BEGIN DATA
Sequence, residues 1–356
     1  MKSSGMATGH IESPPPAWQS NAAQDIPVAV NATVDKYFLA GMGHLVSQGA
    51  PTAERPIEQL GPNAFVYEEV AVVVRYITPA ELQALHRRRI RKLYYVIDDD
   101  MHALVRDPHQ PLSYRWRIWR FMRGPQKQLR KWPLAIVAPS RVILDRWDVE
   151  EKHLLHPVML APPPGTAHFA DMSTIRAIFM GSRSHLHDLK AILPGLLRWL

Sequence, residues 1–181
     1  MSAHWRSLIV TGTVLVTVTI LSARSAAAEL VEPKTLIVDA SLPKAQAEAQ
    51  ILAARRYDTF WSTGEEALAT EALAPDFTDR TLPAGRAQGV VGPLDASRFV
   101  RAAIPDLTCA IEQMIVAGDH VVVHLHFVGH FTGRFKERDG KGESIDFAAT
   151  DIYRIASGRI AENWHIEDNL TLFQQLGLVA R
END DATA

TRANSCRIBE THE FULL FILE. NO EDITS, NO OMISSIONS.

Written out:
Sequence, residues 1–356
     1  MKSSGMATGH IESPPPAWQS NAAQDIPVAV NATVDKYFLA GMGHLVSQGA
    51  PTAERPIEQL GPNAFVYEEV AVVVRYITPA ELQALHRRRI RKLYYVIDDD
   101  MHALVRDPHQ PLSYRWRIWR FMRGPQKQLR KWPLAIVAPS RVILDRWDVE
   151  EKHLLHPVML APPPGTAHFA DMSTIRAIFM GSRSHLHDLK AILPGLLRWL

Sequence, residues 1–181
     1  MSAHWRSLIV TGTVLVTVTI LSARSAAAEL VEPKTLIVDA SLPKAQAEAQ
    51  ILAARRYDTF WSTGEEALAT EALAPDFTDR TLPAGRAQGV VGPLDASRFV
   101  RAAIPDLTCA IEQMIVAGDH VVVHLHFVGH FTGRFKERDG KGESIDFAAT
   151  DIYRIASGRI AENWHIEDNL TLFQQLGLVA R